So I actually did no stock-taking, no comparing and no resolution-listing. I began 2013 with no expectations of the coming year.

Perhaps this was a blessing in disguise. Because I made no resolutions, I had no demands or targets to meet. I put no pressure on myself to be a better person, to be more loving and charitable, to strive in my career or even to be in a relationship. I did not reminisce about happier times or ruminate about regrets, which is something I would often do in my stock-taking – comparing – listing ritual. The first of January 2013 was very much another ordinary day.

The F**k It philosophy talks about how plans and goals can be troublesome. One reason for this is that they can keep you too rigid and inflexible, and – to an extreme – chained to something which instead of bringing you satisfaction, may end up bringing you the opposite. In her book ‘Flourishing’, clinical and academic psychologist Maureen Gaffney states that a key element to living a flourishing life – that is a life that has meaning, that brings out our best selves, that makes us happy and positive – is to have three life projects, preferably one that relates to work, the other to family or friends and the remainder to a personal interest. A life project is bigger than a mere goal, it has to be something that fits with our values and emotions, and is something that we freely choose to do, rather than it being an obligation. Gaffney advises that life projects do not need to be big, noble nor public.

In order to choose a life project, Gaffney sets out the following criteria:
– It must be freely chosen;
– It must have meaning to us;
– We must believe that it is achievable;
– We must set goals in relation to it;
– We must dedicate enough time and effort to achieve these goals;
– We must have adequate resources to pursue it (like commitment and drive);
– There must be a reasonable chance that we can achieve the goals in the specified time.

Last New Year’s day, I made no goals, not to mention life projects. And what resulted was a year where I achieved many things, some of which I have spoken about on this blog. I began reading Gaffney’s book a year ago and was extremely put off by the idea of having life projects. I much preferred the F**k It philosophy, it seemed to work for me.

I returned to ‘Flourishing’ again during this Christmas. I was less daunted by the thought of having life projects, probably because I had already started some unwittingly: writing this blog is a life project for instance. Another life project was my decision to eat more healthily and lose weight, thus prompting me into learning how to cook well.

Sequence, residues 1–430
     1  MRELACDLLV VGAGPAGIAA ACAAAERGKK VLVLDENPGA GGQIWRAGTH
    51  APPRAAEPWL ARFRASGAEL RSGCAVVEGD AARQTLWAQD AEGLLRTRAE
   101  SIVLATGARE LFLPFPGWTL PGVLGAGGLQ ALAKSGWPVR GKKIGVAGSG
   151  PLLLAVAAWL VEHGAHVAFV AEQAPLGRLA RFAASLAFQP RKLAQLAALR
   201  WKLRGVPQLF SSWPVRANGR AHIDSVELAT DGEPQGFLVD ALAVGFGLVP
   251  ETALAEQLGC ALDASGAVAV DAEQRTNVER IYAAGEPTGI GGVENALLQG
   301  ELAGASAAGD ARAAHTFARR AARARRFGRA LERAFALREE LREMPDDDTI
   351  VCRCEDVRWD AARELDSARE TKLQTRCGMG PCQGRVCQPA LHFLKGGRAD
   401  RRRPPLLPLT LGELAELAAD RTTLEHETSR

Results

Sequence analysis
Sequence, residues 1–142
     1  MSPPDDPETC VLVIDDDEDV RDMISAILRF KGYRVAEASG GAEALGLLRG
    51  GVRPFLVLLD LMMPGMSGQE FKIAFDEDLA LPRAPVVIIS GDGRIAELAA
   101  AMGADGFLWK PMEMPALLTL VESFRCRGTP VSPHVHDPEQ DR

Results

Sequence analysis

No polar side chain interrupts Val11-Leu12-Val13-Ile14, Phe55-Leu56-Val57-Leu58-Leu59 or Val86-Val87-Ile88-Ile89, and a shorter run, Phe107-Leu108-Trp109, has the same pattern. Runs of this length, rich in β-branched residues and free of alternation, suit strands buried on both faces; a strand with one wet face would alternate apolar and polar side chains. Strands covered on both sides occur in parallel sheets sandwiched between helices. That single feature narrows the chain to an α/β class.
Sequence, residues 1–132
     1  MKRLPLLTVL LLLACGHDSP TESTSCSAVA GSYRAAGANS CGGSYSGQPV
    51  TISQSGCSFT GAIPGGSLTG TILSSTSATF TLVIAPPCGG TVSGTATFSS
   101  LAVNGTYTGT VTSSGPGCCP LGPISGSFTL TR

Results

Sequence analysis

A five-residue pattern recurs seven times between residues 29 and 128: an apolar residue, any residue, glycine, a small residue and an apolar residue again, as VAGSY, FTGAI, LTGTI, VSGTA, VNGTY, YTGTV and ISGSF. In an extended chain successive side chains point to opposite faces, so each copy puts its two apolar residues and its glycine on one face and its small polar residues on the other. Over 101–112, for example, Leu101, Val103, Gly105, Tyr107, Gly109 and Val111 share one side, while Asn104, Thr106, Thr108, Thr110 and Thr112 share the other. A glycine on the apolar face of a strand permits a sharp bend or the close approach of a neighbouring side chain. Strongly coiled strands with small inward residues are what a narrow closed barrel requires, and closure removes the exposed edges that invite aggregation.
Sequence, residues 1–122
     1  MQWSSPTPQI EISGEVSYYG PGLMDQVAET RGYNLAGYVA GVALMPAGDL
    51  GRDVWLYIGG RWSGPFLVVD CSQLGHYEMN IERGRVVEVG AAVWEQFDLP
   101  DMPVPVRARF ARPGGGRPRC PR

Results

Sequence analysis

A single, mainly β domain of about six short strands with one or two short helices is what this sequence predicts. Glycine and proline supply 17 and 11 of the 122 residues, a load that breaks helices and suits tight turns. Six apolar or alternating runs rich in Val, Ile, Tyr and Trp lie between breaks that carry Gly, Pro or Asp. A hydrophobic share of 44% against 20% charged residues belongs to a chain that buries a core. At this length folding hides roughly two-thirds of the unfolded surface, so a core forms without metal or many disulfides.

To me, the F**k It philosophy and ‘Flourishing’ are not mutually exclusive. I think it’s important to leave space to be flexible and open to new ideas, as ideas of life projects may not come to mind straight away and neither should they be forced. I guess however the two can be contrary to one another – having a life project is about having a sense of control whereas the F**k it philosophy is about giving up control and going with the flow.

In the end, we must work out the best way to provide meaning in our lives. And I think that if we do set ourselves goals or projects or resolutions we must do so from a healthy starting point. Giving up chocolate or signing up to the gym because of guilt or feeling bad about ourselves should never be the driving force for achieving any of the above. This is because the motivation is focussed on the negative, rather than the positive. We are doing things out of punishment, not love. And because of this, the likelihood of us accomplishing our goals, resolutions, targets or projects are small, hence making us feel worse about ourselves.

Resolutions don’t have to start this week just because it’s the New Year. They can start whenever it feels like a good idea. Or like me last year, you don’t have to have any and you can just see where each day takes you. If there are things that you would like to do or achieve towards the good life, I encourage you to go for it! But go easy on yourself, take your time, leave lots of space and listen to yourself.

I wish you a wonderful start to 2014.